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Murray Rothbard: Mises’s True Heir

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Tags Austrian Economics OverviewHistory of the Austrian School of Economics

Recently a young Austrian scholar made a very interesting observation in an informal discussion on Facebook: 

I have experienced that when you quote Mises instead of Rothbard (and they say basically the same in most circumstances) other Austrians are usually more receptive and willing to engage you in a discussion. Have you guys experienced the same thing?

Indeed we have and the reason has become increasingly obvious. In the past ten years or so, there has been a concerted effort in some quarters of the Austrian economics movement to deny Rothbard his just due as a prodigiously productive scholar and as Mises’s pre-eminent follower whose work inspired the modern revival of Austrian economics.1 The story according to the Rothbard deniers goes something as follows. “Yes, yes,” they grudgingly admit, Rothbard wrote some foundational works on Austrian economic theory and history, including: Man, Economy and State; America’s Great Depression; The Panic of 1819, and Power and Market. But that was way back in the 1960s. By the 1970s he had “disengaged” from economics and the mainstream economics profession and began to focus on libertarian political philosophy and social theory. Apparently, for the Rothbard deniers, there is no greater intellectual failure then to refuse to engage mathematical and positivist economists in endless and fruitless “conversation” and to instead concentrate on advancing the Misesian praxeological paradigm. By the 1980s, this tale continues, Rothbard abandoned serious academic pursuits altogether and became a political activist and propagandist for libertarian ideas. By intermingling politics and economic theory, the deniers allege, Rothbard shunted Austrian economics onto the wrong track and abandoned the tradition of Menger, Böhm-Bawerk, Mises and Hayek.

Well, let us put the two central claims of the deniers’ narrative to the test. To assess the claim that Rothbard abandoned scholarly pursuits after 1980 I list his major articles, monographs, treatises, and volumes of essays published since 1980:

Articles

  • “The Myth of Neutral Taxation” (1981)
  • “Law, Property Rights, and Air Pollution” (1982)
  • “The Federal Reserve as Cartelization Device” (1984)
  • The Case for the Genuine Gold Dollar” (1985)
  • “The End of Socialism and the Calculation Debate Revisited” (1991)

Books

  • The Ethics of Liberty (1982)
  • The Mystery of Banking (1983)
  • Ludwig von Mises: Scholar, Creator, Hero (1988)
  • The Case against the Fed (1994)
  • Making Economic Sense (1995)
  • An Austrian Perspective on the History of Economic Thought (two volumes, 1995)

In fact, Rothbard’s scholarly works have continued to pour forth to this very day, over twenty-two years after his untimely death. His latest book, The Progressive Era, a 500-page tome expertly edited by Professor Patrick Newman, was just published this month by the Mises Institute.2 This work bids fair to be the definitive study of the political and economic origins and consequences of that tragic epoch in American history. But let us not forget the flood of other posthumous books by Rothbard, which include The Logic of Action (two volumes, 1997); The Irrepressible Rothbard: The Rothbard-Rockwell Essays of Murray N. Rothbard (2000); A History of Money and Banking in the United States (2002); Betrayal of the American Right (2007) Strictly Confidential: The Private Volker Fund Memos of Murray N. Rothbard (2010); and Science, Technology, and Government (2015). Stay tuned because there are more works to come from the treasure trove of unpublished manuscripts in the Rothbard archives at the Mises Institute.3

This brief survey of Rothbard’s academic writings demolishes the foolish allegation of the deniers that Rothbard dropped out of the scholarly “conversation” altogether after 1980 in order to churn out nonacademic propaganda pamphlets as a political activist. In fact Rothbard’s steady stream of contributions from 1962 to 1995 and beyond in economic theory, the history of economic thought, political economy, and economic history, I believe, marks him as the greatest economist of the past 50 years. What of the deniers’ assertion that the content of Rothbard’s writings disqualify him as a true heir to the Misesian tradition? This reveals a stunning lack of familiarity with the history of the Austrian economics. Indeed it would be news to Mises himself as well as to his closest disciples and fellow travelers, such as Henry Hazlitt and Friedrich A. Hayek.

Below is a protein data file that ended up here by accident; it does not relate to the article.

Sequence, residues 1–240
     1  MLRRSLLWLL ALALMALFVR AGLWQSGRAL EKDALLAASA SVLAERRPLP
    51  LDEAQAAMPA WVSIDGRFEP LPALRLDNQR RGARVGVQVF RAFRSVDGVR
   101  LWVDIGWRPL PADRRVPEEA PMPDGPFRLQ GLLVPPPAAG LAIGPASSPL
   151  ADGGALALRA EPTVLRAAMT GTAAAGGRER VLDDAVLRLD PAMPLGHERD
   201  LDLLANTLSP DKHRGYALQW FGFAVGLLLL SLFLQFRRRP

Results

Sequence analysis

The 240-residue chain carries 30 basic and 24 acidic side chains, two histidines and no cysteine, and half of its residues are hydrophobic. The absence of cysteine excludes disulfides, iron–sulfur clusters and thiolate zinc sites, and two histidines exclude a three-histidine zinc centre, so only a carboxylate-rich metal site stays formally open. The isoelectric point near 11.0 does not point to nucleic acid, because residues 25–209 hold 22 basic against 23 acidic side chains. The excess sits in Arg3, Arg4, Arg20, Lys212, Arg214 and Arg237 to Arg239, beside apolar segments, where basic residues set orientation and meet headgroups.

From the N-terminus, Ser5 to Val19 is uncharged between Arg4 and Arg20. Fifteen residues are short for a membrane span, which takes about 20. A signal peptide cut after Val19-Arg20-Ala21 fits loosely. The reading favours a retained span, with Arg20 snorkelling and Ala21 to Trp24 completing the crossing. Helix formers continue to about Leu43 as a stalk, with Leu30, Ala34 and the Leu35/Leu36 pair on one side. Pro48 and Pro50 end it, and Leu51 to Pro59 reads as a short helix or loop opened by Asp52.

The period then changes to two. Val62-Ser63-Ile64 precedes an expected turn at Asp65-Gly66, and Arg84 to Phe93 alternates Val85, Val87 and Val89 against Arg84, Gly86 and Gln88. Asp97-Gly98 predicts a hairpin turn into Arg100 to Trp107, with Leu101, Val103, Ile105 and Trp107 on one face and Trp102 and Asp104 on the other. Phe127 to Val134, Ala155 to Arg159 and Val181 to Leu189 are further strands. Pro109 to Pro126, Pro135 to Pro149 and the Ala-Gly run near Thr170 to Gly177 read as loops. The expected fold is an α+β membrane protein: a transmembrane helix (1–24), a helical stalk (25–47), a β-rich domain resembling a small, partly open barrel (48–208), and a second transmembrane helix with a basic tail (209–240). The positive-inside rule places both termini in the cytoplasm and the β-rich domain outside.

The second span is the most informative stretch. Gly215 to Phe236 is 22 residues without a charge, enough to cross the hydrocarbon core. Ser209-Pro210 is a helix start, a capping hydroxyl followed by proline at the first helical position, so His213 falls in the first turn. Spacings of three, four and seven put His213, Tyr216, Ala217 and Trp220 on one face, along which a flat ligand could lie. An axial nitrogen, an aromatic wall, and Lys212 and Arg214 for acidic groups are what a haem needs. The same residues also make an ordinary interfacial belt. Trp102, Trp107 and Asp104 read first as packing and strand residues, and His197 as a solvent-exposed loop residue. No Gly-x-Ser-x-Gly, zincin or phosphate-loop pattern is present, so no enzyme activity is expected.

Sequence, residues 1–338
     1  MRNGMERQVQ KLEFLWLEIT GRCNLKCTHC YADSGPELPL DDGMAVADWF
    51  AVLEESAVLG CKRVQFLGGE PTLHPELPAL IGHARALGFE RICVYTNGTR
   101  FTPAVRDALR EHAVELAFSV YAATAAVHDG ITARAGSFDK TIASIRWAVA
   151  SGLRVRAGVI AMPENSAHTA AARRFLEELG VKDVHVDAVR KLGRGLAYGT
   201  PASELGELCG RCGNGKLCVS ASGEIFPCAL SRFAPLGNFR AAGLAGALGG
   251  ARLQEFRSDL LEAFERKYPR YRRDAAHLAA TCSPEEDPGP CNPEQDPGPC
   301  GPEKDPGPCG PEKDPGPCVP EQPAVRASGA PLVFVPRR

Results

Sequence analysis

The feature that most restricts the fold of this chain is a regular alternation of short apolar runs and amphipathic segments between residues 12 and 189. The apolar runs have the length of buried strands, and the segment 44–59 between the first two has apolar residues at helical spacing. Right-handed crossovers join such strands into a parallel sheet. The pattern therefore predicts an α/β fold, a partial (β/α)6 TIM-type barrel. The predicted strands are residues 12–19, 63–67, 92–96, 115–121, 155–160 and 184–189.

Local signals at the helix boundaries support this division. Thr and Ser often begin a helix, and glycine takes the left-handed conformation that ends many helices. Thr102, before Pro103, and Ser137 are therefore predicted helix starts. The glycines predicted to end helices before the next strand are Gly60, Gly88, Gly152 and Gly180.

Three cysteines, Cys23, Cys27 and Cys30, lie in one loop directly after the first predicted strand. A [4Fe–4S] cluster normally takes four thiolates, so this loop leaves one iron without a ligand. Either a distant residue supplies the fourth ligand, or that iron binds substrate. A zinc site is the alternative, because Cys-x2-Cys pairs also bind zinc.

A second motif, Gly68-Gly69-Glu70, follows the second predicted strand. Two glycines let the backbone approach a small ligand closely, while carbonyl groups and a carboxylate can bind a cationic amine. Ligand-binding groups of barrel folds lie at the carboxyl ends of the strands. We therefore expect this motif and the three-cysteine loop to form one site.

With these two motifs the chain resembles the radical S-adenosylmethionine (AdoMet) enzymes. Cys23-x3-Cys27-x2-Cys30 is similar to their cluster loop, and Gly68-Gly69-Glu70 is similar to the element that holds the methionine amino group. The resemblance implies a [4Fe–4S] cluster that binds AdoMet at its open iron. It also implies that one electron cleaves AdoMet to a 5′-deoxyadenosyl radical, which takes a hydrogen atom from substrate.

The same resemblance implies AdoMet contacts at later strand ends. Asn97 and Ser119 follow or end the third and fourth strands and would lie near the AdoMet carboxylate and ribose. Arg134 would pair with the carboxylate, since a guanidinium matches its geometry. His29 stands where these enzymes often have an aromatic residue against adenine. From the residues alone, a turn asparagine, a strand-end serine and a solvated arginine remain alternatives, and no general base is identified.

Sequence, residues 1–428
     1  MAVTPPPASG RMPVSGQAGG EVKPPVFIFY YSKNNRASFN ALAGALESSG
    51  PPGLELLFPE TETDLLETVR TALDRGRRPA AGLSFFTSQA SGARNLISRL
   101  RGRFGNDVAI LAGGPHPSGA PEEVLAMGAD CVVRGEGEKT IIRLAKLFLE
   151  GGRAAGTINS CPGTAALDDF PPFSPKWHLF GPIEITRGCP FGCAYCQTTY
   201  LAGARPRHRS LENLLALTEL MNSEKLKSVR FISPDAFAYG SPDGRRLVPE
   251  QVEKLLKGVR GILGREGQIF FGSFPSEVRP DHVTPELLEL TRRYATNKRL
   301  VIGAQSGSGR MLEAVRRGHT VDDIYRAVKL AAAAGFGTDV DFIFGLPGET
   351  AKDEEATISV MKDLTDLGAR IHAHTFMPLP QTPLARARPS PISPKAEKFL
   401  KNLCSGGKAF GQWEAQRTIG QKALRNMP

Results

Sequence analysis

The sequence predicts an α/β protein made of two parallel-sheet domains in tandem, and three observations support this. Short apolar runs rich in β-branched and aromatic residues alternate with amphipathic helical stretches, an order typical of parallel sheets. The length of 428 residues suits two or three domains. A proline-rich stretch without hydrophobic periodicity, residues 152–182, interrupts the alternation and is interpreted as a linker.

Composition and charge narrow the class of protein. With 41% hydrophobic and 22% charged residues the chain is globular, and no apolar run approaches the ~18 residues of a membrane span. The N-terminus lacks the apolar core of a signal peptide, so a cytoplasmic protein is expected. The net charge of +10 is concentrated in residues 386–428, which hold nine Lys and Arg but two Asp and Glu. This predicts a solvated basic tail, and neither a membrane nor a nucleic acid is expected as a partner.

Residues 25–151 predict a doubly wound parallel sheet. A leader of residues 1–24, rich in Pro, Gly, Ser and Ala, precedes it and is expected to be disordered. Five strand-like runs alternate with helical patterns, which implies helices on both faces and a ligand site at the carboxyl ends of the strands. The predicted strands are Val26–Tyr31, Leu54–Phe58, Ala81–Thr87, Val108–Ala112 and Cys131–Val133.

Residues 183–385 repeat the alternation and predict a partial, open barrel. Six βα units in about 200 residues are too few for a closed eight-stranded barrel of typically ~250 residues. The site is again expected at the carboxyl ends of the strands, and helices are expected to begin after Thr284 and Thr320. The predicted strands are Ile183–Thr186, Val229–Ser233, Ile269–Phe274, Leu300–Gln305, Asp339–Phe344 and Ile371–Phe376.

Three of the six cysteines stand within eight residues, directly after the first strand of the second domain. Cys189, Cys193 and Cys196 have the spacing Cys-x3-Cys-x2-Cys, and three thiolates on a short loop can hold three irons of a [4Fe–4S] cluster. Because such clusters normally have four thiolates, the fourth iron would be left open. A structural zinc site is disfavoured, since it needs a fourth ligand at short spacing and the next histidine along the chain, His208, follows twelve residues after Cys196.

Mises reviewed Rothbard’s magnum opus on economic theory, Man, Economy, and State and enthusiastically endorsed it. He lauded Rothbard’s work as an “epochal contribution to the general science of human action.” He then went on to declare: “Henceforth, all essential studies in these branches of knowledge will have to take full account of the theories and criticisms expounded by Dr. Rothbard.”4 Anyone who is at all familiar with Mises’s writings can attest to the fact that Mises was rarely lavish in his praise of the works of other authors. Indeed Mises once remarked: “There never lived at the same time more than a score of men whose work contributed anything essential to economics.5 Yet Mises extravagantly lauded Rothbard’s treatise despite the fact that parts of the book were intended to correct, improve upon, and fill the gaps in the system of economic theory that Mises had presented in his own treatise, Human Action. Given this context, Mises’s review of Rothbard’s treatise sounds for the all the world like an older scholar at the end of his career passing the torch to someone he considered his closest protégé.

This interpretation is reinforced when we examine Mises’s reaction to the most notable instance in which Rothbard explicitly rejected one of Mises’s doctrines. I am, of course, referring to the theory of monopoly price. Mises had conceded that the formation of a monopoly price above the competitive price was theoretically conceivable in an unhampered market, although highly unlikely to occur in practice. Rothbard argued, to the contrary, that the distinction between a monopoly and a competitive price was conceptually meaningless in a free market economy. Now Mises was once asked his opinion of Rothbard’s disagreement with his theory of monopoly price by Joaquin Reig, the Spanish translator of Human Action. This occurred at the Mont Pelerin Society meeting in 1965. Mrs. Mises, who witnessed the exchange, said that her husband had replied: “Whatever Rothbard has written in this work is of the greatest importance.”6 However, the Spanish economist Jesús Huerta de Soto has reported that when Reig himself used to recount this incident he would quote Mises’s response as: “I agree with every word Professor Rothbard has written on the subject.”7 Whichever account of the incident is more accurate, the point is that Mises clearly viewed Rothbard as an economist who substantially advanced his own work in the field of economic theory.